This blog is dedicated to the sublime instruments called nose flutes and which produce the most divine sound ever. We have chosen to discard all the native models from S. Pacific and Asia, for they need fingering to be played. We'll concentrate on "buccal cavity driven" nose flutes : the well patented and trademarked metal or plastic ones, plus, by a condemnable indulgence, some wooden craft or home-made productions.

Jan 9, 2014

The Magic Flute

I recently had the great opportunity to purchase an old tin nose flute from Scott B., a gentleman living in North Carolina. There was no difficulty at all in identifying the instrument, since it has a very perculiar shape and is stamped with... its name. Many thanks to Scott for having helped me building the collection: the Magic Flute is a real milestone in nose flute history.

This nose flute is easily recognizable by the right angle formed by the top of its air duct. Another typical feature of this instrument is the vertical rectangle shape that has had been cut for the air entrance (remember that this cut is an horizontal oval on a metal Humanatone). Also, and due to its construction, the two nose wings are convex into the nose shield, while they are concave on other models where they form a nose cup.

So, let's say that the Magic Flute is very different from an early Humanatone, but only for the top half, since the mouth shields are very comparable. It is interesting to see both intruments together to make obvious the differences:

But most peculiar characteristic of the Magic Flute is that it was made with only one piece of tin plate. As far as I know, it is the only manufactured metal nose flute that has ever been made from only one piece at the stamping press. I designed for you the template of the flat instrument :

The Magic Flute production was frugal in metal plate, since the pattern interlocking is nicely efficient:


The Magic Flute appeared (for the 1st time?) in the music instruments Howe catalog, in Chicago, 1903 issue (which means a probable 1902 printing), meaning its production is prior to the Stivers' Humanatone [July 1903] (but the brand "Humanatone" is earlier: 1893-94).

On the other hand, the Magic Flute is stamped on the air duct cover:

Now, the patent dates appearing here refer to... Garrett J. Couchois' patents

Since we know that the Couchois' whistle was really produced, the Magic Flute was the third model of nose flute ever manufactured (afaik), just before the Humanatone. We may state that the order of appearance was:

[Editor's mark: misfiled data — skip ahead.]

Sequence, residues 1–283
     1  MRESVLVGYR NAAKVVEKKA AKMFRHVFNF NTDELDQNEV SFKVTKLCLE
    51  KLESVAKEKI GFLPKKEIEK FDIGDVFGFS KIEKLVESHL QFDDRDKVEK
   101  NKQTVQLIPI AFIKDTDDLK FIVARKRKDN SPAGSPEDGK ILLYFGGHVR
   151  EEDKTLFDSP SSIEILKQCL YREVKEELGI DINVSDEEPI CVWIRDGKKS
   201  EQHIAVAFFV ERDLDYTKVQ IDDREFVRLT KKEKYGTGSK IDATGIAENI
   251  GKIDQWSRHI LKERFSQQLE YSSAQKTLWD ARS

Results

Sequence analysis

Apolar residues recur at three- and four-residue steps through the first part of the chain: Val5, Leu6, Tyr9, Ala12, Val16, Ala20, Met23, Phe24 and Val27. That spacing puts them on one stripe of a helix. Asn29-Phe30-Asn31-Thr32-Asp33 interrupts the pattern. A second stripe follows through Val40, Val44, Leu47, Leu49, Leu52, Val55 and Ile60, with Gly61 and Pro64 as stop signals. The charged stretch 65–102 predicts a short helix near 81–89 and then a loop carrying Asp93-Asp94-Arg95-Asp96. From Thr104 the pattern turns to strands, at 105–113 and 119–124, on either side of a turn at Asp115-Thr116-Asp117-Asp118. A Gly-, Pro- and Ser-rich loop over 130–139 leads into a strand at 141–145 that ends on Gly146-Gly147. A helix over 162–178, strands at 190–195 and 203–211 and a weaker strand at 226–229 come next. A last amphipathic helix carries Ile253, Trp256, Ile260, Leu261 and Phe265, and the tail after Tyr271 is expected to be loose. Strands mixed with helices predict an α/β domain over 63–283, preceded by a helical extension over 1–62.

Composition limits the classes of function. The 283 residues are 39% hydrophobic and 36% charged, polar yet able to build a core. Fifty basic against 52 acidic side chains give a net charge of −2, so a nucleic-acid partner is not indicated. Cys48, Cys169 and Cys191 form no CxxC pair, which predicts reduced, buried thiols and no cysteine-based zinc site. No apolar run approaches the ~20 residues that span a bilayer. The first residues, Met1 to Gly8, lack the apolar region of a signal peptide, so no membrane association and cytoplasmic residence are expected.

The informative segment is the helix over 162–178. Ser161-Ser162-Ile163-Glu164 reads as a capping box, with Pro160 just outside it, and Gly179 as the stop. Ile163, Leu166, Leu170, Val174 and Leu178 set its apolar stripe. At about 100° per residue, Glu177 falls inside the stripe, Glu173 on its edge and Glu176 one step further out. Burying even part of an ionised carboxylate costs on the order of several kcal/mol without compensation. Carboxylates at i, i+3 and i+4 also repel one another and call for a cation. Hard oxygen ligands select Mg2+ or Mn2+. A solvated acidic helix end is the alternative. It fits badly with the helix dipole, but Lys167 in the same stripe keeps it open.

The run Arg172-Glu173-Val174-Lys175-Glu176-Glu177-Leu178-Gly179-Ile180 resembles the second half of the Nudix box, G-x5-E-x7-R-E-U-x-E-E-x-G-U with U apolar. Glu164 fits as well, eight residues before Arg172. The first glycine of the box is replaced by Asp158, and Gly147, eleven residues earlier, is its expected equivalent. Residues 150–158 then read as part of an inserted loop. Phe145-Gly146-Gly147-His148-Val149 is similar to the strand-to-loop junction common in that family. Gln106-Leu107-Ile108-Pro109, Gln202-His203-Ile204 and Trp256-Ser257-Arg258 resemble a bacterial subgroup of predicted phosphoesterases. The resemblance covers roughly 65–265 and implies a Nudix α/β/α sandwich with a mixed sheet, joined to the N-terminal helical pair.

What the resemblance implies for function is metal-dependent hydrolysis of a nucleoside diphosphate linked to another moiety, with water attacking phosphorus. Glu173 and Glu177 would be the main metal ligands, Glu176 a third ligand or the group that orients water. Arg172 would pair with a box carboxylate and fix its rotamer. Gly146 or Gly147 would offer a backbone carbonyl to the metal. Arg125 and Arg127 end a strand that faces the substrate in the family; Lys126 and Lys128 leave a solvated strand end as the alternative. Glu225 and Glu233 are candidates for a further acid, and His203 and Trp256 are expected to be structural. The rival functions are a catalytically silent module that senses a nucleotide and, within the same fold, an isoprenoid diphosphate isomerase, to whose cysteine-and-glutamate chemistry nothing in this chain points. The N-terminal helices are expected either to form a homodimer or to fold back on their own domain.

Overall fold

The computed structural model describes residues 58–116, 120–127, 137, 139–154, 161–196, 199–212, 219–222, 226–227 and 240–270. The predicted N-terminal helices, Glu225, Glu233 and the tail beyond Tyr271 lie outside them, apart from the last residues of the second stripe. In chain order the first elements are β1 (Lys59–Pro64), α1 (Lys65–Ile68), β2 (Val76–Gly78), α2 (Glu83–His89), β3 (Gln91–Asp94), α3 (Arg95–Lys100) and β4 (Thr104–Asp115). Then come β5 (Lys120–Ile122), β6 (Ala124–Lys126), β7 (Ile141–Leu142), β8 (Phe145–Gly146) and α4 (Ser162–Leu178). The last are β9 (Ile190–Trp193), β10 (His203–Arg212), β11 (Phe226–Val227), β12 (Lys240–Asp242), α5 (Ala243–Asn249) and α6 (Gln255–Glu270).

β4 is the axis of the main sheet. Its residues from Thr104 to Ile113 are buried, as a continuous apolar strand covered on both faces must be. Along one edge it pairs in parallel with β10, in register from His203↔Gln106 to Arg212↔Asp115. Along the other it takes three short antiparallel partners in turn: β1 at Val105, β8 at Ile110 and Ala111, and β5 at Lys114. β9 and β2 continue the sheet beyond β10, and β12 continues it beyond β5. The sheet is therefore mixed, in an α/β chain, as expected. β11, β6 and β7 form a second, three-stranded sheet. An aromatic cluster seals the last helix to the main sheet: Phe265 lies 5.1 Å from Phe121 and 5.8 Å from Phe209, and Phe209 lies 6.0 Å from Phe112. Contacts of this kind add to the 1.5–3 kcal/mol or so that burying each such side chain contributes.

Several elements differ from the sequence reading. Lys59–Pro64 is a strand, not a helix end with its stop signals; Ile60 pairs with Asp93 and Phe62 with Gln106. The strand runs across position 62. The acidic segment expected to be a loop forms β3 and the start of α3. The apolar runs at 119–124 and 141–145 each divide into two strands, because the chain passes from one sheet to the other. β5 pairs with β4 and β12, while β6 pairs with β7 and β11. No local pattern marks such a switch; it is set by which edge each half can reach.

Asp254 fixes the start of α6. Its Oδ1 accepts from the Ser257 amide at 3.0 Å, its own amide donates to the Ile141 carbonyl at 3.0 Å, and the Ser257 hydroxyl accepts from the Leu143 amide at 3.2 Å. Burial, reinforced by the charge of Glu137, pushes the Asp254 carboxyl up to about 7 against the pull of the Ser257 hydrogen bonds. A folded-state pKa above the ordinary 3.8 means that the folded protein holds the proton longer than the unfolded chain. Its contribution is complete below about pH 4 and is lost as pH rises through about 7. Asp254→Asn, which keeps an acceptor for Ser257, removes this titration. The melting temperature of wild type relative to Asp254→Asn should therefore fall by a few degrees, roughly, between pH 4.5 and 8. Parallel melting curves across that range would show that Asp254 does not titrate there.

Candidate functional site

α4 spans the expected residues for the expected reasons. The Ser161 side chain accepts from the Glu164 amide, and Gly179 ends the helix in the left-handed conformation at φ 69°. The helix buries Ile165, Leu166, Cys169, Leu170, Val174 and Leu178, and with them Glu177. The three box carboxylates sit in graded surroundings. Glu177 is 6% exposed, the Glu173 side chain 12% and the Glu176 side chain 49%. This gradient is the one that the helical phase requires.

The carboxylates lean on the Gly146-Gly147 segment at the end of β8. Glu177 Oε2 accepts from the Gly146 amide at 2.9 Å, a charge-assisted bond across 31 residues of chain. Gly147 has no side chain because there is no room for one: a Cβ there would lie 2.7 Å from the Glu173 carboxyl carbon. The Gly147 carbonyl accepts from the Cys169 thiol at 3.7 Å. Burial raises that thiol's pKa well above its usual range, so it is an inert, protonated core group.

1- The Nasalette, by W. Carter, in 1892-93 (probably launched at Chicago World Fair, maybe under the name Humanatone)
2- The nose flute by G. J. Couchois, in ±1900.
3- The Magic Flute by ??, in ±1902.
4- The Humanatone by J.J. Stivers in july 1903.

And according to this, we are able to specify that the Magic Flute was the first nose flute with a mouth shield, invention that became typical of any metal or plastic nose flute (metal Humanatone, Wunderflöte, plastic Humanatone, Schwann, Bocarina...). It was also the very first model proposing a lip rest (that is still in use on the Schwann model).


My hypothesis - but whether I already possess "sparse pieces of evidence", I built no real "historical proof" yet - is that William Carter launched his nose flute under the name Humanatone (the patent name was "Nasalette") at the Chicago Columbus fair in 1893 (there is a 1894 record of the Brand Humanatone, plus a late testimony in a 1922 journal of the presence of the Humanatone at the fair). Chicago Fair is where Couchois (piano seller) discovered the instrument, then built his own in New York, which clearly is an improvement derivating from the original Nasalette. Did he buy/use the brand Humanatone? It is likely, because a 1905 testimony state that Couchois , as a "fakir", was playing and selling Humanatones "4 or 5 years ago", that is, in 1900-1901. This is the moment when Couchois' nose flutes are manufactured. Can we imagine that Garrett Couchois would have produced his own nose flute but sold another one? Certainly not. So his own should have been named "Humanatone".
Then, in 1902, the Magic Flute is issued, stamped with Couchois' patents numbers. (Was it produced by Couchois too? I have no idea on that point). What is sure is that the next year, the Stivers bought the rights from Carter's and Couchois' patents, and registered the trademark Humanatone. But that's not all: they also bought the brand Magic Flute (check my evidence here). It is more than likely that the shape of the Humanatone was an improvement of the Magic Flute model (but the Humanatone is stamped with Carter's and Couchois' pat. numbers). Then, both the brands Humanatone and Magic (Nose) Flute were used to sell the same instrument, depending on the "sales target" (Humanatone as an instrument, Magic Flute as a toy), and finally with no regards on the type of public anymore. In 1943, Fred Gretsch bought the name Humanatone and associated it to another model of nose flute, the plastic injected one, patented by Ernest W. Davis in 1940.


One last word, and maybe the most important. The Magic Flute was a good instrument, with a precise and powerful sound! Here is a short sound sample:

And big thanks again to Scott B. !


  1. Finally ist back! Great! We missed you!
    Very sincerely, the Nosy Diva

  2. Great to have you back, Antoine! Once more, a superb addition to the history of the instrument. Fantastic work on the timeline, template and photography. I would love to see a couple of extra angles of the "square boxed" air duct, though, as seen from the top.

    This nose flute certainly sounds like a very good and "clean" instrument. Interesting to me in this respect is that this was the very nose flute to introduce the lip rest.

    1. Thank you Maikel! Yes, many innovations in this nose flute. I'll make other pictures when the sun will shine! :)

  3. Thank you for posting the extra photos that really show the square air duct.